• Date of hire/termination. Payroll data includes hire and termination dates. Obviously, this gives companies visibility into length of service, but this data can also be valuable in other ways. One of the measures of quality of hire is new hire retention, and one of the more challenging areas for recruiters is accountability for turnover. At its basic level, HR seeks to understand turnover, whether it is a quality-of-hire issue or a basic retention issue. To elaborate, there are companies that use new-hire retention to determine who to hold accountable for the quality of hire. One company in particular, through collaboration between recruiting and hiring managers, agreed that turnover occurring in 60 days or less is a good indicator of quality of hire, and in those situations, recruiting (or HR) shoulders the blame. Turnover between 60 days and 120 days is a shared responsibility between HR and the business, and any turnover beyond 120 days is mainly the business. However this metric is defined, early or new hire turnover can provide great insights into whether recruitment is bringing in good candidates or whether it is a larger issue that has to do with development, compensation, benefits, or even the business manager. Even basic turnover numbers can be used to understand which managers are doing a good job retaining, developing, and coaching their reports for success, which can be used to glean and share best practices with other managers. This, in turn, enables the HR business partner to strengthen the relationship with the business and ensure a successful partnership that is built on data and insight.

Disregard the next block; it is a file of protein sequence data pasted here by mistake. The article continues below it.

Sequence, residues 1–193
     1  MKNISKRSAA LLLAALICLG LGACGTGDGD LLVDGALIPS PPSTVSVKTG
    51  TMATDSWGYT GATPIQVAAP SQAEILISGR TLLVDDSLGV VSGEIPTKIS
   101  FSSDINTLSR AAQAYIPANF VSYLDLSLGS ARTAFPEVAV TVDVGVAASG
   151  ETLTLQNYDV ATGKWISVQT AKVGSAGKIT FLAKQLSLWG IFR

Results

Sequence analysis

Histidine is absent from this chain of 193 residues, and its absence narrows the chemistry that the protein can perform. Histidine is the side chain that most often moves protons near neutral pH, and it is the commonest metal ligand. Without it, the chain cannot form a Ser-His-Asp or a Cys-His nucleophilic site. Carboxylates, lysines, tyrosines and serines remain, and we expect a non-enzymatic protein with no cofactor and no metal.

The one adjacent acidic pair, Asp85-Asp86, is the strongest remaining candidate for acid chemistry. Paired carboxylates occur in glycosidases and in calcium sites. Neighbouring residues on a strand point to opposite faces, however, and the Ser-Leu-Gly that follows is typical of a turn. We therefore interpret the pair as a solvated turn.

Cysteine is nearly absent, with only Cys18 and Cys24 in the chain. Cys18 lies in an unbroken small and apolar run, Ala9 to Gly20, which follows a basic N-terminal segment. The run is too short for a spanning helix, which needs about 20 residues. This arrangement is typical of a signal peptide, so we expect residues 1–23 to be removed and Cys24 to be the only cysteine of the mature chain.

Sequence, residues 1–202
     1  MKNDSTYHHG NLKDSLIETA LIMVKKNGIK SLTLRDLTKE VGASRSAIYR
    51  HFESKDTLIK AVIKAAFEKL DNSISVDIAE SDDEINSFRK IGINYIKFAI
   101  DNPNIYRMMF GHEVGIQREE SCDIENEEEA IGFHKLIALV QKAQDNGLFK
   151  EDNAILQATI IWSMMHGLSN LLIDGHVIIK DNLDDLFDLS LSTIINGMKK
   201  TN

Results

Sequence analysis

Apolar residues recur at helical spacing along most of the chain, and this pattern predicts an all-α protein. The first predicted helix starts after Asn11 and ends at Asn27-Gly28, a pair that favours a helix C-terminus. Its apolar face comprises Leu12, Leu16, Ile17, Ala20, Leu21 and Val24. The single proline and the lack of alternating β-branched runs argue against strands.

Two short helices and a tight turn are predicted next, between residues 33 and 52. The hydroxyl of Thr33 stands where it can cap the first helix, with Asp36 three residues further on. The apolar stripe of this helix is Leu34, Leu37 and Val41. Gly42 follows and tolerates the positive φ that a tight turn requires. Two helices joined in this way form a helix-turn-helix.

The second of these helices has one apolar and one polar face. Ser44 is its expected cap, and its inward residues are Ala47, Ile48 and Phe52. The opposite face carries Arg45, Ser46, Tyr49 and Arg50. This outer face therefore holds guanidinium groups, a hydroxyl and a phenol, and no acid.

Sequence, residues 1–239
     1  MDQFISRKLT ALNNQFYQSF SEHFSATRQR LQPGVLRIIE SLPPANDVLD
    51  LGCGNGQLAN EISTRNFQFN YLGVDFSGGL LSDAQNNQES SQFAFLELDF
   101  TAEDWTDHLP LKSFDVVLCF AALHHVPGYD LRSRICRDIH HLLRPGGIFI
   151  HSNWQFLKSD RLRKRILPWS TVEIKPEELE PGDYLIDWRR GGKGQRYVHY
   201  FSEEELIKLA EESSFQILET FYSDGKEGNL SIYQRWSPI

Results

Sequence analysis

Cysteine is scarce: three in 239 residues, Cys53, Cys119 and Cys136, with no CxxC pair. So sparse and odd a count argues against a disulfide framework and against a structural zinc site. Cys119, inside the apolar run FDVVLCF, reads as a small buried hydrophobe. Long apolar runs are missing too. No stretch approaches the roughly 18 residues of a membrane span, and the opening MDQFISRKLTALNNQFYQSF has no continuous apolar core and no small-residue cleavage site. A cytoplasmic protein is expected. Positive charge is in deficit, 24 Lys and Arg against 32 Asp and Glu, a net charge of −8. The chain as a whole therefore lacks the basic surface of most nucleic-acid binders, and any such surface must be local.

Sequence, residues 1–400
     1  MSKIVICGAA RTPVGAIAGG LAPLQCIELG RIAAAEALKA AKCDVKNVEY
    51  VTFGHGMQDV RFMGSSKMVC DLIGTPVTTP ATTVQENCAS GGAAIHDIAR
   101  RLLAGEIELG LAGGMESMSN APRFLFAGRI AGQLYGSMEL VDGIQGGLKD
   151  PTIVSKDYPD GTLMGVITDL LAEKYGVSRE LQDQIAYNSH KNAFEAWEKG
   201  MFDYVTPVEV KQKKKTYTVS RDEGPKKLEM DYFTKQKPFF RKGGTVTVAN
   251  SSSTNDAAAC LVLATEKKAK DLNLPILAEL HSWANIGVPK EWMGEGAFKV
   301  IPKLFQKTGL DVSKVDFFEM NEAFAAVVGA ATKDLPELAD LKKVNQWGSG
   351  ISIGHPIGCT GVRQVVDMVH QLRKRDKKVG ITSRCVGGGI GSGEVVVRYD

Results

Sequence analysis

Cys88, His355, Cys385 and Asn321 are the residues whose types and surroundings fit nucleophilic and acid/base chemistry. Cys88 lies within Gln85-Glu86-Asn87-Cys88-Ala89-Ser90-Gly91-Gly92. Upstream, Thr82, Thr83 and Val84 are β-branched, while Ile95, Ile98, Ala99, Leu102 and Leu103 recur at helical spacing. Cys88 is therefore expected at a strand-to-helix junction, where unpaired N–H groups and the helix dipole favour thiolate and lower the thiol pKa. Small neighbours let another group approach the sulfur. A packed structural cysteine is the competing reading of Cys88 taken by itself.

• Change in job code. When it comes to development and succession planning, one of the key metrics that companies track is the percentage of positions filled by internal candidates. The simple transaction of changing a code to reflect a different pay group or salary grade within a payroll system can inform the organization about how well they are developing their employees. Payroll data would show which groups or managers are creating a developmental culture for their employees.